My wife and I like to dine out now and then at the local eateries. There are lots of them in our seaside town and the menus vary quite a bit. Chips/fries are an ubiquitous component of most of these meals, whether we ask for them (never!) or not.
If we go out for an evening meal, the chips are still there. Order a cheap $10 burger and you’ll get chips with it. Order a $40 steak and you’ll get chips with it. I don’t know about you, but I can’t tell the difference between a $10 chip and a $40 chip. Chips are now the world champions in the Formula One of the fast food industry. Most people don’t notice that they are on their plate, taking up at least one third of the meal. We notice big time if we order a meal anywhere and there are no chips – thankyou Chef!
At these clubs and restaurants I notice something else. Children will eat the chips and then say ‘I’m, full’. So many times I watch a hearty meal served to kids (fish, steak, whatever) with salad and chips, and see the plate taken back at the end with most of the meal still on it, except the chips. We see this everywhere – at breakfast, lunch and dinner. Watch – even with adults- you’ll rarely see a plate go back with chips still on it. Salad, heck yes!
For the last week or so, I’ve been watching a woman die. Let’s call her Sue. Sue is in the same Aged Care Facility that my mother is in. She has a very sharp mind, a beautiful and quick sense of humour and is a joy to have a chat with. She, like a few of the other beautiful ladies in the Home, has taken my mother under her wing and has been her friend for the last few years. My mother has advanced dementia and can’t talk or feed herself. My wife goes up to the home and hand-feeds Mum several times a week.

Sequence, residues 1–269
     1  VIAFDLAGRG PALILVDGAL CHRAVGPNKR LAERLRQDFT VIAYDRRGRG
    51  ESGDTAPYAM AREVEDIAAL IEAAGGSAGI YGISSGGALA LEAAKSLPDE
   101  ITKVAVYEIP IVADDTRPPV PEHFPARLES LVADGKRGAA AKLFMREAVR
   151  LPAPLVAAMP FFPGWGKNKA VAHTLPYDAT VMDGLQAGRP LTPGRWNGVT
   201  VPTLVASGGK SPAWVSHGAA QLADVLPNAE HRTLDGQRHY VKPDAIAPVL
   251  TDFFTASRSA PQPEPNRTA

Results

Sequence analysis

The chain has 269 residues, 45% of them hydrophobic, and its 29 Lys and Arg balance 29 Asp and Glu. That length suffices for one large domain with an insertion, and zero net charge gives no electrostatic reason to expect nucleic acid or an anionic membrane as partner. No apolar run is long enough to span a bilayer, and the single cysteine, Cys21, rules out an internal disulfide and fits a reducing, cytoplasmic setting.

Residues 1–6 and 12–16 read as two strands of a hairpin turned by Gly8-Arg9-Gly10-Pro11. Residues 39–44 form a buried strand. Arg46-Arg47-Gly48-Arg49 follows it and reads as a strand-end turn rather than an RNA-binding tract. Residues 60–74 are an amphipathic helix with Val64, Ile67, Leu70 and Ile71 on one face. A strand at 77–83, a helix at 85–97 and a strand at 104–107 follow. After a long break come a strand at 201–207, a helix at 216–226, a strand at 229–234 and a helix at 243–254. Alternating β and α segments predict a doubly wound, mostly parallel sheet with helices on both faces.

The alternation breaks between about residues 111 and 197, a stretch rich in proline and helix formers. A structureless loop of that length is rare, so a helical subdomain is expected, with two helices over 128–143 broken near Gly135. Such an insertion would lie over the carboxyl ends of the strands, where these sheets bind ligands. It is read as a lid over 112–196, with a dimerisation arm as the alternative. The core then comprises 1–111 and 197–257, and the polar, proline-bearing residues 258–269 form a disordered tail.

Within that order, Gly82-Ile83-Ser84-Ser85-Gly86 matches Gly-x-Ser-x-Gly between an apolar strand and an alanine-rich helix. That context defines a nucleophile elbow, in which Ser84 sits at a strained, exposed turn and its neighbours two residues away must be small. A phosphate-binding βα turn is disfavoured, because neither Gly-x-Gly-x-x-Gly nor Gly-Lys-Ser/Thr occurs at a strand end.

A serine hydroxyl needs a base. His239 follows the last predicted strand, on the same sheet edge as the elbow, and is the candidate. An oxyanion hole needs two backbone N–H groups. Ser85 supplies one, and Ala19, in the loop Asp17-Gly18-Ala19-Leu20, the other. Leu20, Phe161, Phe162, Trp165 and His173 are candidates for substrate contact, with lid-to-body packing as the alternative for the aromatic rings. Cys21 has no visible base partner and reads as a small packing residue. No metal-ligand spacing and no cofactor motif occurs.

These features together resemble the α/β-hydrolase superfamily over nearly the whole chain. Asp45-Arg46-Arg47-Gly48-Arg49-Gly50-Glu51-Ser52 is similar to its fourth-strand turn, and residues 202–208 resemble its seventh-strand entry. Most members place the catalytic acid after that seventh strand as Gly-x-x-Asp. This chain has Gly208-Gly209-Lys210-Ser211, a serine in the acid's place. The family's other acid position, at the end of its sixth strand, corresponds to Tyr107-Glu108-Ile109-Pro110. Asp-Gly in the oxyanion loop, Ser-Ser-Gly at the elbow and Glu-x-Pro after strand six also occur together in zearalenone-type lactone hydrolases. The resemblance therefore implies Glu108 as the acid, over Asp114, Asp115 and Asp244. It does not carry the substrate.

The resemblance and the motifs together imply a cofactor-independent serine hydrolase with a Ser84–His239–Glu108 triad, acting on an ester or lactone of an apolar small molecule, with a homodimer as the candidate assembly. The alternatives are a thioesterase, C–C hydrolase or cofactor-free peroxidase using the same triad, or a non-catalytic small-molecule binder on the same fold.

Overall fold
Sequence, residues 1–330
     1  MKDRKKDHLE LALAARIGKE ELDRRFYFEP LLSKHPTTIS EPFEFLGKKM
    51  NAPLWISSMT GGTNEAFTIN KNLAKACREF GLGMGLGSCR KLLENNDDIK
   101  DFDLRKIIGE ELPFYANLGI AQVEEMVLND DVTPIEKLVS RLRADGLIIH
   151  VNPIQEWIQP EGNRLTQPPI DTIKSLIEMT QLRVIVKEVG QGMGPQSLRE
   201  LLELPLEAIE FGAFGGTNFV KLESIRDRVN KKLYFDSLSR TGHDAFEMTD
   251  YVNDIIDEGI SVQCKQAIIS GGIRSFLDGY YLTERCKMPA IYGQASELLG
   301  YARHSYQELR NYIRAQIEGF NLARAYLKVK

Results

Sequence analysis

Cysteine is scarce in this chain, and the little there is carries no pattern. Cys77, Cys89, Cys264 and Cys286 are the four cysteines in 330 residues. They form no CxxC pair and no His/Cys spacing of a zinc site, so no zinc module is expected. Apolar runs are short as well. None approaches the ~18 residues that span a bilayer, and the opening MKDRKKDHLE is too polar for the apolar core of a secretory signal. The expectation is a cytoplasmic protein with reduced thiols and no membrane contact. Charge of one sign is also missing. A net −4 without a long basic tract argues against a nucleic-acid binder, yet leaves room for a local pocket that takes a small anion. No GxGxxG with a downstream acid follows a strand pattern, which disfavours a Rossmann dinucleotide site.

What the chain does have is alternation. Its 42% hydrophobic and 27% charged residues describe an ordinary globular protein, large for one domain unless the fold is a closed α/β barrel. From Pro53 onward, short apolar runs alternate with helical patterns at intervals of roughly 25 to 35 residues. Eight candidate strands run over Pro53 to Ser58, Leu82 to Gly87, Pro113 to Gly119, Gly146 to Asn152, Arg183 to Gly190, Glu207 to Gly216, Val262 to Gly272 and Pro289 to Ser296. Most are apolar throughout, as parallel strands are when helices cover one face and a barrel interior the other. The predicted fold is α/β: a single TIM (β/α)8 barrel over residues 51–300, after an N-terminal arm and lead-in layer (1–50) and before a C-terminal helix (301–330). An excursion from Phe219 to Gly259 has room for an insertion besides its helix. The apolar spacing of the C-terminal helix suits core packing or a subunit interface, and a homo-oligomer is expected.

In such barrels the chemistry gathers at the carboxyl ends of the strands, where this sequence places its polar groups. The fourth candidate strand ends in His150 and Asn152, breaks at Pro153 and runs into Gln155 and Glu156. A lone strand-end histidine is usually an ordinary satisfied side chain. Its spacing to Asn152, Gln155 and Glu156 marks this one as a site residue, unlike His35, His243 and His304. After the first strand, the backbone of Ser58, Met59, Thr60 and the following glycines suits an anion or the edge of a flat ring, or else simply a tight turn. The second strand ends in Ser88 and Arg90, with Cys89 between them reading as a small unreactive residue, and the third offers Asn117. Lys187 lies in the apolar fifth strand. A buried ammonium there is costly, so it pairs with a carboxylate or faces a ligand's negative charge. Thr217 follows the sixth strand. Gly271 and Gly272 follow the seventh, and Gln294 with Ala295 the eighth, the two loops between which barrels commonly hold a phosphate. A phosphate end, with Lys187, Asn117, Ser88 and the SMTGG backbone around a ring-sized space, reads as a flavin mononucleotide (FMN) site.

Sue took a bad turn a couple of weeks ago. She is now on her way to passing and is at peace in her room watching and waiting as the world moves on around her. She’ll probably last another couple of days in this world. I don’t know how long my mother will last. One of the ladies there in the Home (let’s call her Meg) had her 103rd birthday last week, so who knows? Meg can still crack a joke, have a laugh and is reasonably mobile. When she has really enjoyed a meal, I’ve heard Meg ask, “So whom do I thank?”
After visiting the Home a few times a week for the last few years, my wife and I have come to know and love these lovely people who live and work there. After a while you don’t see them as old people – just people living along their paths: Sue – soon to pass; Meg – hanging on with her quiet eloquent dignity; Sam and Dave – the two gentlemen residents of the cottage, living for their next smoke, book, or bottle of Worcestershire sauce; Mary – with her stuffed pet pig; the other ladies – husbandless, floating like ghosts-to-be in the common room; and Birdie – the resident caged cockatiel.
The carers in this Home are wonderful. They take their job seriously, with quiet love and compassion. One committed suicide several months ago, aged 24.
I watched my father die in 2010. One of his last statements to me was, “It’s a bugger gettin’ old.” His regret for missed opportunities was heartbreakingly obvious.
I’ve grown to enjoy visiting these people at the Aged Care Home where my mother is. I am still learning from her, and Dad. Life is more than just chips. Sure, go for the quick unquestioned filler, and send the other stuff back untried – but at your own peril.
As one gets older you find yourself thinking, “Damn! I wish I’d tried that!” I envy the fact that, for many of these old folk at the Home with Mum, chips weren’t on their life menu. They smacked their lips on more stimulating flavours of deeper meaning – dirt, love, pain, joy, responsibility, perseverance, and tears of laughter and grief.
And so, as we look at our plates and ponder the bounty of life given to us freely, do we devour the CHIPS and send the other stuff back? I wonder too, when it comes to the end for each of us – will we ask the question: “Whom do I thank?”